Howard Hanson (1896-1981)
Diamond taught at Juilliard, but lived most of his life in Rochester, commuting to New York City to teach. Howard Hanson also lived in Rochester for most of his life and was a great supporter of the conservative style of American music during his time as the director of the Eastman School of Music (1924-64). When I was asked to conduct the Rochester Philharmonic in 1998, I suggested a programme of Diamond and Hanson. They refused because they were afraid it would negatively affect ticket sales. I declined the invitation. The following year they reconsidered, and in 1999 I did the Second Symphonies of both Diamond and Hanson to a full and enthusiastic audience.
I first heard Hanson’s music when I was a very young student at the National Music Camp at Interlochen Michigan. The main theme from his Second Symphony was the Interlochen Theme and was played at the conclusion of every concert, usually conducted by the concertmaster. During the summer of 1960 I was given that honour – it was probably the first work that I ever conducted. To me, Hanson was a composer like Beethoven or Brahms; I was too young to realise that there was a difference. Once, when I was being interviewed at the beginning of a Seattle Symphony season by Melinda Bargreen of the Seattle Times, our two-year old daughter Gabriella was asked by Melinda who her favourite composers were and she responded, ‘Beethoven and David Diamond’. If I had been asked that at Interlochen in 1960, I would probably have said Sibelius and Howard Hanson.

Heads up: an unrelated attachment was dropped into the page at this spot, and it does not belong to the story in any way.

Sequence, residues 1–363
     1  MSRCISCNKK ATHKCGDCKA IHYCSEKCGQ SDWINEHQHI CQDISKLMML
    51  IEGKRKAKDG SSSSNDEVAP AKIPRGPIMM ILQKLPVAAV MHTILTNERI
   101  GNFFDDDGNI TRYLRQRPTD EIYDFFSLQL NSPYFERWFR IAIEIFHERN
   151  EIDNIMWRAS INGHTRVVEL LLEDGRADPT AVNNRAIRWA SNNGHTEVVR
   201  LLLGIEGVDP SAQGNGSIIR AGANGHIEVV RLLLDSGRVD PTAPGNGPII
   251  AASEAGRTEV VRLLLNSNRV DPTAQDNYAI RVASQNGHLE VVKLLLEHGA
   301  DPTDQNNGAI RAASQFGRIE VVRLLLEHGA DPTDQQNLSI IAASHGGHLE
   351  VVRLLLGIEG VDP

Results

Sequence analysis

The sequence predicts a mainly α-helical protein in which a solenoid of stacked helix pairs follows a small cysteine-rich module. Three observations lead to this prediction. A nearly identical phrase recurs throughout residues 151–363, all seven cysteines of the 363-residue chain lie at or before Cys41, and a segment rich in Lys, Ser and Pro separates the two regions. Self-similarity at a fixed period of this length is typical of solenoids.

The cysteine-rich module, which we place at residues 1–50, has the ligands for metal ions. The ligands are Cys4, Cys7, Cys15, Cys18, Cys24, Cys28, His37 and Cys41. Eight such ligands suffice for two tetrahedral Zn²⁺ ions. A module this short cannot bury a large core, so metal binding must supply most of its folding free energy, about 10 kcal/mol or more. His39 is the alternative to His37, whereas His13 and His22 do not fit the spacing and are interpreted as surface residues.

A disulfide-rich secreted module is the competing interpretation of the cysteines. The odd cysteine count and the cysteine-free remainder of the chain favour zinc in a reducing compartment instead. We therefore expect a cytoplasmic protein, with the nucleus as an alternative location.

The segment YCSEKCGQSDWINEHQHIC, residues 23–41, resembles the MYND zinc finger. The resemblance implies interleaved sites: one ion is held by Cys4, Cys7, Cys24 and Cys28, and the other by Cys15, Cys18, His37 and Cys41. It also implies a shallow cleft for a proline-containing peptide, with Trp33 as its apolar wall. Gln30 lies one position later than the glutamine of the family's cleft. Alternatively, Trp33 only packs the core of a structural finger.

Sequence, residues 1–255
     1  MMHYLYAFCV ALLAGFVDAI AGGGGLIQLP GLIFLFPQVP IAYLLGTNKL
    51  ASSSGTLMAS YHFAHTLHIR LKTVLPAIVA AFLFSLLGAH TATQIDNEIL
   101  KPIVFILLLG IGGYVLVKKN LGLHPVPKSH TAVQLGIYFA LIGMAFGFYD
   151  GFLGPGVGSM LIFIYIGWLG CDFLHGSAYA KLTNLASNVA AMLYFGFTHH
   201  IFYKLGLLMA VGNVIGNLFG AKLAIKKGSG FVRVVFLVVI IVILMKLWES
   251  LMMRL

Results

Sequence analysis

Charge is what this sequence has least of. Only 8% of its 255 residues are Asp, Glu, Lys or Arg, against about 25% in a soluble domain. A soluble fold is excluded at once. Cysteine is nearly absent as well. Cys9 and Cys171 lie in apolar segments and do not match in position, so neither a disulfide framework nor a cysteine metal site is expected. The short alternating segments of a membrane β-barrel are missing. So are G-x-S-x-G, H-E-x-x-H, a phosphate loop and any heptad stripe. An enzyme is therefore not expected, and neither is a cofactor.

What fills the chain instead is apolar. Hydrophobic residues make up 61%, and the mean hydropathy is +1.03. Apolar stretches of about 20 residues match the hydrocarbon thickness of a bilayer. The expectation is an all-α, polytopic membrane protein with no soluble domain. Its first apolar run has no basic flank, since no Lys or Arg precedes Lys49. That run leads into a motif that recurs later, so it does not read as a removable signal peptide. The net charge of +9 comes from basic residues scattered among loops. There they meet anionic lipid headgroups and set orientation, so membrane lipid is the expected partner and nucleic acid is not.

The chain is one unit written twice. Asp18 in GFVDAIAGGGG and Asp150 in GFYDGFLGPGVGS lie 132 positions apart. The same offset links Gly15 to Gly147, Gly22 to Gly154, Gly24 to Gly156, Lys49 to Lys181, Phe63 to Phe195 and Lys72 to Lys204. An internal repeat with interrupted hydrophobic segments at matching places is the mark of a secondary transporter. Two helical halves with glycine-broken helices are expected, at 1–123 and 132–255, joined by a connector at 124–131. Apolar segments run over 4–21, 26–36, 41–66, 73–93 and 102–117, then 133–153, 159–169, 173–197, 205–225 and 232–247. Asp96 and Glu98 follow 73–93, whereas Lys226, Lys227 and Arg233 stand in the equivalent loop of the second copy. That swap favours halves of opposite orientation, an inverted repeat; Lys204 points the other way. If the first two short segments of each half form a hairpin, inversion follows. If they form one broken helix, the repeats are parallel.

Hanson wrote seven symphonies and these were the first that I recorded for Delos Records’ American Classics Series (now released on Naxos). When I first started performing these works, the critical response was more negative than I had hoped. Yet Amelia Haygood and Carol Rosenberger wanted to start our American series with Hanson. I was nervous because reviews affect sales. But Amelia and Carol were correct, the recordings were a tremendous success with excellent sales; they led to Grammy nominations and launched our series of so many of the American mid-century composers.